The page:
When it was founded seven years ago, the Five Star Movement was the voice of anti-establishment protest in Italy, and its biggest voice was the movement’s often bombastic founder and president, the comedian Beppe Grillo. Today, it is a measure of the movement’s maturity that its most prominent new face may be Virginia Raggi, a 37-year-old lawyer and municipal councilor who appears poised to become Rome’s mayor in a runoff election on Sunday. In a first round of voting almost two weeks ago, Ms. Raggi, a lawyer whose campaign website describes her as a Catholic and bicycle enthusiast, got more than 35 percent of the vote, but not enough to win outright. She now faces Roberto Giachetti, a longtime lawmaker backed by Italy’s governing party, the Democrats, in a runoff on Sunday.
How Ms. Raggi came this far, despite her relative inexperience (she was first elected three years ago), has much to do with the widespread disenchantment with traditional political parties that still pervades in Italy. But it is also an acknowledgment that the Five Star Movement has positioned itself as a viable option for moderate voters, with the ultimate goal of leading the country. “I think voters see us as an alternative. They understand we’re not just a protest movement,” Ms. Raggi said in a recent interview in her electoral office in Rome.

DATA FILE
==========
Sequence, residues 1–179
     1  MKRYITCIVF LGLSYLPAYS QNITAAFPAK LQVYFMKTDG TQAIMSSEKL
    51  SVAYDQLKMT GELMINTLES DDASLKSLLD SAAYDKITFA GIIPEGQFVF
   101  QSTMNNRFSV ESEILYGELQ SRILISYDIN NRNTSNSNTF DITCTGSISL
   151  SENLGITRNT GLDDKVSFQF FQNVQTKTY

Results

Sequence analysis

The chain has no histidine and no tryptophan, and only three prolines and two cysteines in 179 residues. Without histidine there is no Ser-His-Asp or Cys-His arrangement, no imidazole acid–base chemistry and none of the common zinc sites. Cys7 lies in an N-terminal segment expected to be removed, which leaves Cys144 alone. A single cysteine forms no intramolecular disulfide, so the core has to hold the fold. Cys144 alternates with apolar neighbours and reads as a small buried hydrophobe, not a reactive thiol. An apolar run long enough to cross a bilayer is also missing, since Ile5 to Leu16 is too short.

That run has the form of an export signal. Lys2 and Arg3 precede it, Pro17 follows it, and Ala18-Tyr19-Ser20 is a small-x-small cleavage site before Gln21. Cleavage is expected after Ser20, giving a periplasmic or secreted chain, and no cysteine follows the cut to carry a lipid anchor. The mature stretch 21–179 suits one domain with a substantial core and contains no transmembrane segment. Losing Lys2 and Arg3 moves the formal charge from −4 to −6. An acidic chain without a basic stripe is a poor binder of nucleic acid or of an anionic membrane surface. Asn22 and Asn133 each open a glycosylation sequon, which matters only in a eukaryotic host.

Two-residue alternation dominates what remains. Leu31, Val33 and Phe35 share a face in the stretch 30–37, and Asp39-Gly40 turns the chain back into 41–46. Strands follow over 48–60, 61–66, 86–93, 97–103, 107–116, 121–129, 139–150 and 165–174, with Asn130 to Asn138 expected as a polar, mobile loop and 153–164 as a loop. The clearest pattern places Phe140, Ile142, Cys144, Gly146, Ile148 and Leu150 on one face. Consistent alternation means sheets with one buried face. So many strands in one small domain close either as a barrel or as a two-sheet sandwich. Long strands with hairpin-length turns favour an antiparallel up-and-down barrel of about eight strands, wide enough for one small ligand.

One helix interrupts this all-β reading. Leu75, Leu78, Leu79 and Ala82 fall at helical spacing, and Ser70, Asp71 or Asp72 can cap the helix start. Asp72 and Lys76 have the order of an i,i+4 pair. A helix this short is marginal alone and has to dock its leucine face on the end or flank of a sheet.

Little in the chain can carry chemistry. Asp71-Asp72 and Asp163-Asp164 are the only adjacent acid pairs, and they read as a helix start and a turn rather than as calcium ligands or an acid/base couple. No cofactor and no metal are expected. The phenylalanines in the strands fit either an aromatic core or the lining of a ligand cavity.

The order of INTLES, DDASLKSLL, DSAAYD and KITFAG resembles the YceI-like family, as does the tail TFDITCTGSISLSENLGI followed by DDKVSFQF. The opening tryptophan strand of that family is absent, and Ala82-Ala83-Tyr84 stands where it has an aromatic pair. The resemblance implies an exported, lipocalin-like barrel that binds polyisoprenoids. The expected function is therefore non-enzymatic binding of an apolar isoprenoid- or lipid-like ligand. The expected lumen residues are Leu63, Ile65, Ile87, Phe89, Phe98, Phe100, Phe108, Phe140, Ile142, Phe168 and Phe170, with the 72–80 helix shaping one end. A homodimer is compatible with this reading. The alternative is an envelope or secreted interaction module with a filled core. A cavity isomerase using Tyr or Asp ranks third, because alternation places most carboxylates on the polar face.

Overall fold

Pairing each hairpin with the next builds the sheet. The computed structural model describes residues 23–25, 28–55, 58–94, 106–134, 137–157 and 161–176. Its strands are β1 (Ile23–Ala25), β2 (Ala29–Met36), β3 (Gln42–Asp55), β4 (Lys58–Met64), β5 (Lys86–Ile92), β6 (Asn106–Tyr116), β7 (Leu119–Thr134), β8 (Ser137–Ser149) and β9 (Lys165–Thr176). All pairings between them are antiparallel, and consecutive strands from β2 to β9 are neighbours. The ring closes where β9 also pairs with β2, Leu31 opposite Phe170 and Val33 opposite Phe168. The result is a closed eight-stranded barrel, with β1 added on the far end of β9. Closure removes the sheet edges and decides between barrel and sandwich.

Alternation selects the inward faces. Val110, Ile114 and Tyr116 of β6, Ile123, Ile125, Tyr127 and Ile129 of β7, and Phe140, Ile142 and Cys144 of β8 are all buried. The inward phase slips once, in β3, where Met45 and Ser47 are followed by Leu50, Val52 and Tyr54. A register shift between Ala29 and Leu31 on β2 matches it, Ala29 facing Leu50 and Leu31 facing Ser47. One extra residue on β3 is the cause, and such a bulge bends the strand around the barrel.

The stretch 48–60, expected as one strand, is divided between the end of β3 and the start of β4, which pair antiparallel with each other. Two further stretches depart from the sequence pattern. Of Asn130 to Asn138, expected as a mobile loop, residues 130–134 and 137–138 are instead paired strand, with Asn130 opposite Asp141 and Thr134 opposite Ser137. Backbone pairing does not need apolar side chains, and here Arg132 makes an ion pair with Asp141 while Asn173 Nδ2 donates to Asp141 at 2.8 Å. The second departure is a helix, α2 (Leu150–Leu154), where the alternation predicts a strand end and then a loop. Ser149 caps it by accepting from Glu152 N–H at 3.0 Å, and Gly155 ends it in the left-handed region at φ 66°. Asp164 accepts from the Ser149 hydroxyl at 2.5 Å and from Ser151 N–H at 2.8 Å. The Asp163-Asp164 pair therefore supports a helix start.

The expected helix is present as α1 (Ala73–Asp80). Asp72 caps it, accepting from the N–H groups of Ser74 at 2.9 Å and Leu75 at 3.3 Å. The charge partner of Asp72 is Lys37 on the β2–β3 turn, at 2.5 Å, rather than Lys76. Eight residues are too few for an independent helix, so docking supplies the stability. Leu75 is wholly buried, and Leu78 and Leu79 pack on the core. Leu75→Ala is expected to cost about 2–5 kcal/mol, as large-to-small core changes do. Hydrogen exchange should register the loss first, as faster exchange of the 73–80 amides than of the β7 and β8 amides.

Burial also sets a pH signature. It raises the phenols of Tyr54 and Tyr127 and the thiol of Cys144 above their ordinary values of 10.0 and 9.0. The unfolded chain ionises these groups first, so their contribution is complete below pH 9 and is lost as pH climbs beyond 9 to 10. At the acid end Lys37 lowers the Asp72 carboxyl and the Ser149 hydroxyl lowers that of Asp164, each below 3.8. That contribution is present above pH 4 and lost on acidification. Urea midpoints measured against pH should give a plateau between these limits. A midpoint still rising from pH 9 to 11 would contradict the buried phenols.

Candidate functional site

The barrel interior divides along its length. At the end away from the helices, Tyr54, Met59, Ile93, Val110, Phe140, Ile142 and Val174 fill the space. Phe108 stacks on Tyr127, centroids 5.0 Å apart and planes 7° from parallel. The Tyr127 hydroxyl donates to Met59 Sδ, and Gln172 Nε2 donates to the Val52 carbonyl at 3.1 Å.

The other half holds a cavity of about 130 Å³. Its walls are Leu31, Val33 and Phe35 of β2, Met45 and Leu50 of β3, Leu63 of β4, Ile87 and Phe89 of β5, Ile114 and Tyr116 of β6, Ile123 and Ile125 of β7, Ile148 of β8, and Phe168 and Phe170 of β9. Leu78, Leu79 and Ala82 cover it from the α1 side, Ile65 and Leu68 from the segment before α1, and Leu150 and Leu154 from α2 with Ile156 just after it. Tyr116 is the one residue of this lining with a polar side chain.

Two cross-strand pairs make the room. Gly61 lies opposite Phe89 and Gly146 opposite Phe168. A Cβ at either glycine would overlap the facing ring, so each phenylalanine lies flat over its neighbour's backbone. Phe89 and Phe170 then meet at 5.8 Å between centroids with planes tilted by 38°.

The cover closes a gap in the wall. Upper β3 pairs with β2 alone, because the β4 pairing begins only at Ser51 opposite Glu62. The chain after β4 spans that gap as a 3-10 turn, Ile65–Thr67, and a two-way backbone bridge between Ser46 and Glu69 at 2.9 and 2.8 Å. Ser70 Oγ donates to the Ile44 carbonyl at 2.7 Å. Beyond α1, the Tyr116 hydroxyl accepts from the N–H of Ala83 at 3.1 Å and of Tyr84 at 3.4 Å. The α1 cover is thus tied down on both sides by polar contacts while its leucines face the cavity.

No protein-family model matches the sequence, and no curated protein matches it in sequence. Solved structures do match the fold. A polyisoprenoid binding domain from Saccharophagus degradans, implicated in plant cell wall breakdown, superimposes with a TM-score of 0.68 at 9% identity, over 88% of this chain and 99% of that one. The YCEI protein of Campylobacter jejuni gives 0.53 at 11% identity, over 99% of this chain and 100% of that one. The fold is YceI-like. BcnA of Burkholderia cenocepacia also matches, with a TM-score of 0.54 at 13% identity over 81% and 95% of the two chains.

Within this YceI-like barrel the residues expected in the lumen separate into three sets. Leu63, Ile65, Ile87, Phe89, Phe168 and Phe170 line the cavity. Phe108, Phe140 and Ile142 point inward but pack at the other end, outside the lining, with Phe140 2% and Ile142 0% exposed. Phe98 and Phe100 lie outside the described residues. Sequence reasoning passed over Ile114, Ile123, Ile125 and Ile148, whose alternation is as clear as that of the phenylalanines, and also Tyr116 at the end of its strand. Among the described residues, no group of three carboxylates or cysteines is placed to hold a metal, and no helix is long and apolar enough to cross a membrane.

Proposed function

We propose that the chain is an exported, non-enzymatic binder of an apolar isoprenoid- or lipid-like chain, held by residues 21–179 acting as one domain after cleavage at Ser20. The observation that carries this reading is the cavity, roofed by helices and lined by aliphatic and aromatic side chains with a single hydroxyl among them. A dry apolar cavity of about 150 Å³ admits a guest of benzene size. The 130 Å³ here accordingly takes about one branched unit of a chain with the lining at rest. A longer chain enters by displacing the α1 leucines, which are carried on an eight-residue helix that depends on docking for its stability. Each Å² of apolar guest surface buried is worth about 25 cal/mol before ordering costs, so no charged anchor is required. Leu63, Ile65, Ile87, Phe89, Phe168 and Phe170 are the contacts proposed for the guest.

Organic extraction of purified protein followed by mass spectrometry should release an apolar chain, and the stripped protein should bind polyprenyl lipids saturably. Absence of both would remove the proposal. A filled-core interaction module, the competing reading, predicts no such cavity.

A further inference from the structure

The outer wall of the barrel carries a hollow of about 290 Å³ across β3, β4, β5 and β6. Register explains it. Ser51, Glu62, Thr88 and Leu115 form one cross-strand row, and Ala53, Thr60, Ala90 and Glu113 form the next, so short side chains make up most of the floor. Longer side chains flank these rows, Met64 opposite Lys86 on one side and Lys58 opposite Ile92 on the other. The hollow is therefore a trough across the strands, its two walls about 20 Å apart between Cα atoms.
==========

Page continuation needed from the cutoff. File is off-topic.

Ms. Raggi’s campaign has been decidedly more restrained than the take-no-prisoners approach of Mr. Grillo, who has grown detached from the movement — even removing his name from the party logo — apparently in an effort to let it to step outside his outsize shadow. “He’s said for some time that he was stepping aside,” Ms. Raggi said. “In the meantime, the movement has grown and is able to walk with its own legs.”
Still, the movement has not lost its bite, and continues to denounce the political and institutional classes and to demand their renewal with a new generation unsoiled by what it views as the country’s corrupt establishment.